ANDREW KACZYNSKI: To, like, truly understand who these people are, you have to, like, absorb all of their information from their life.

FOLKENFLIK: Kaczynski wears a baseball cap backwards in the newsroom. His Twitter avatar involves a cartoon BuzzFeed icon smoking a cigar. And at 26 years old, he is the grizzled veteran of the team. One of his colleagues recently earned a degree from Columbia's Graduate School of Journalism. BuzzFeed editor-in-chief Ben Smith jokes that won't be held against him. Kaczynski and the K-File team have collectively watched an estimated 3,000 hours of video during this political season and filed hundreds of requests under the Freedom of Information Act.

KACZYNSKI: And once you've done that with all of these people, whether it's Hillary Clinton or, like, Donald Trump - when things happen, you can, like, very quickly connect them.

FOLKENFLIK: Those connections have had an effect. Mitt Romney's speech denouncing Trump relied several times on the research generated by BuzzFeed's K-File team. Trump spent days fielding pointed questions when Kaczynski found two instances where former Ku Klux Klan leader David Duke called for followers to support Trump's candidacy. Democrat Bernie Sanders found himself on the defensive over 30-year-old comments on a Vermont public-access channel praising the Castro regime in Cuba. And the K-File team made a meal of Ben Carson, in one instance unearthing this from a commencement address in 1998.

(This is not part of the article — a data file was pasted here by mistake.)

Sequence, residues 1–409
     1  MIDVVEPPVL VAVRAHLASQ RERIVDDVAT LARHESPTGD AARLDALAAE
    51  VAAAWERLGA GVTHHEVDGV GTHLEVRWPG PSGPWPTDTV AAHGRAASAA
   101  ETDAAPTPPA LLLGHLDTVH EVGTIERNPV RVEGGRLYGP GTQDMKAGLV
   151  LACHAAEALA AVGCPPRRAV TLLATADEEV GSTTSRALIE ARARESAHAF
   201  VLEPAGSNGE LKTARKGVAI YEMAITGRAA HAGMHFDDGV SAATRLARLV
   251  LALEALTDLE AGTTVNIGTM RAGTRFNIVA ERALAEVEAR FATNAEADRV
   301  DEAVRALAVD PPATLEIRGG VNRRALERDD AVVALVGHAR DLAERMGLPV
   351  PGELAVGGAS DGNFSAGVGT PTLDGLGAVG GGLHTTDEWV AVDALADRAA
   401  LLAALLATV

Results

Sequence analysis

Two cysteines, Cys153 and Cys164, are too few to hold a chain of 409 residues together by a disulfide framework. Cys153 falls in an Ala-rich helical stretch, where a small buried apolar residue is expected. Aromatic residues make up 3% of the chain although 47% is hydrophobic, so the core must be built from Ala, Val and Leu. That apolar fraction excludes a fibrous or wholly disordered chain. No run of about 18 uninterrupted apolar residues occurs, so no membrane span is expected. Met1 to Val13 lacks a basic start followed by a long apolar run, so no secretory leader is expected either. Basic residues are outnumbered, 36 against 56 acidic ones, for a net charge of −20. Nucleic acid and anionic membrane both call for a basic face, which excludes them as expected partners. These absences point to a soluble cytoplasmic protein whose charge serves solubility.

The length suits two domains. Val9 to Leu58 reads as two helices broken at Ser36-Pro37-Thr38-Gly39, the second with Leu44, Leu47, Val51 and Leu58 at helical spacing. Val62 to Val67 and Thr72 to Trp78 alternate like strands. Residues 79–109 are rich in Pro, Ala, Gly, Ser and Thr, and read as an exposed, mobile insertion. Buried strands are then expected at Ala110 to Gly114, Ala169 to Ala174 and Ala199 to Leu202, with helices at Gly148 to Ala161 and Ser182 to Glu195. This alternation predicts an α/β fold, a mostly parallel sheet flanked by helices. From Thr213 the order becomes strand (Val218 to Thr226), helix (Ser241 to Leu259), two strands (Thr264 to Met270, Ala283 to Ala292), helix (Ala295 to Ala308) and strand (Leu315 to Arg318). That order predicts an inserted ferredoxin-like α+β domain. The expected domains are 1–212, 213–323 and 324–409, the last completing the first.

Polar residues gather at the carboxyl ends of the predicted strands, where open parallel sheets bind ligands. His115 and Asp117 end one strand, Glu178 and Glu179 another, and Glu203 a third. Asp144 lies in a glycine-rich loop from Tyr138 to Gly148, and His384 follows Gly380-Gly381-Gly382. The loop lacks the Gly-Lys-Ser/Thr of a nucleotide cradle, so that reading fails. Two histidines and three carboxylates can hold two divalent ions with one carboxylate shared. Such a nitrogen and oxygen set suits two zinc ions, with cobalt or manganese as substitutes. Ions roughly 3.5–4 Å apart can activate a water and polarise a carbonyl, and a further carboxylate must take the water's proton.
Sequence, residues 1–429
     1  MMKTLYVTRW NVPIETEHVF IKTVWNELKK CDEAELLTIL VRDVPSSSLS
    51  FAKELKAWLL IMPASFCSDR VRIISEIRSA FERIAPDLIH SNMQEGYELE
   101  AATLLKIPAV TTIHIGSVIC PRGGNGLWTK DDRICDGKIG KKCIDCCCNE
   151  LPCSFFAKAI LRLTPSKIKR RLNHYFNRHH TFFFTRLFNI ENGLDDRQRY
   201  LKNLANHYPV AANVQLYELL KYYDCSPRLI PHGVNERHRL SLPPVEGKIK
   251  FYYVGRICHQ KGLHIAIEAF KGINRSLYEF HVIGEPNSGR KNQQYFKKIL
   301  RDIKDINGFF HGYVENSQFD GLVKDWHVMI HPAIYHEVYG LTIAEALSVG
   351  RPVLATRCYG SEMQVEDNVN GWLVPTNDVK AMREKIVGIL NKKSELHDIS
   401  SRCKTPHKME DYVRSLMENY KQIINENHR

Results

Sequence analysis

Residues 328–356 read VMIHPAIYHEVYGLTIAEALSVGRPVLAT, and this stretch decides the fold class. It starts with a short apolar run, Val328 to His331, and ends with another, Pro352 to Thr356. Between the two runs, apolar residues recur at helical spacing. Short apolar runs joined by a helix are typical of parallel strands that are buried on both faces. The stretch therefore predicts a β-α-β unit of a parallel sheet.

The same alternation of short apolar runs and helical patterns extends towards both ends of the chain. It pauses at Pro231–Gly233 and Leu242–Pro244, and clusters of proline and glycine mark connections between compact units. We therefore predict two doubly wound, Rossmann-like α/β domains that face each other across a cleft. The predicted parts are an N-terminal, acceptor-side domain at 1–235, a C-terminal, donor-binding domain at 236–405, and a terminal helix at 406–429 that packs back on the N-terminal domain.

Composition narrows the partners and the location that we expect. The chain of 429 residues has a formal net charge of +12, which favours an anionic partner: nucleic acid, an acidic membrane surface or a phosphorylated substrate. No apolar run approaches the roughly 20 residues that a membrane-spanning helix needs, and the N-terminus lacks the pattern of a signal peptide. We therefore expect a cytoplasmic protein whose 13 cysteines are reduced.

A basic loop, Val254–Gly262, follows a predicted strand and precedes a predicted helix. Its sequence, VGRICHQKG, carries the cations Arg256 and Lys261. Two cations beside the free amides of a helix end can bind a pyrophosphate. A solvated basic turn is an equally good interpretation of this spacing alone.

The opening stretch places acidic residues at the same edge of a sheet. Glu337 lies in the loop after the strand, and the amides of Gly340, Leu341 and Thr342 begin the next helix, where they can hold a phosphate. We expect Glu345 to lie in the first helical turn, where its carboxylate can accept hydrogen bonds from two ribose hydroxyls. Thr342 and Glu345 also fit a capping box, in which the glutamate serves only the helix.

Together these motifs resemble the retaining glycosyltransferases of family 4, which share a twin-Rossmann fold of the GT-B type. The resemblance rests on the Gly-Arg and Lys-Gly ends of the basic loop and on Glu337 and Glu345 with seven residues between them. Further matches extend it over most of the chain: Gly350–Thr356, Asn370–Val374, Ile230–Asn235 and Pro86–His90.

BEN CARSON: My own personal theory is that Joseph built the pyramids in order to store grain. Now, all the archaeologists think that they were made for the pharaoh's graves. But...

FOLKENFLIK: Might want to go with the archaeologists on that one. Kaczynski's approach evolved while a student at St. John's University in Queens, N.Y. during the last presidential cycle.

KACZYNSKI: I was just very interested in, like, learning who is Mitt Romney behind whatever his campaign rhetoric is - who he was at the time. And it was very much like going through it and picking out what other people would find interesting as well.

FOLKENFLIK: So you're in your room. You're watching all of this stuff for hours. And your friends are saying what exactly?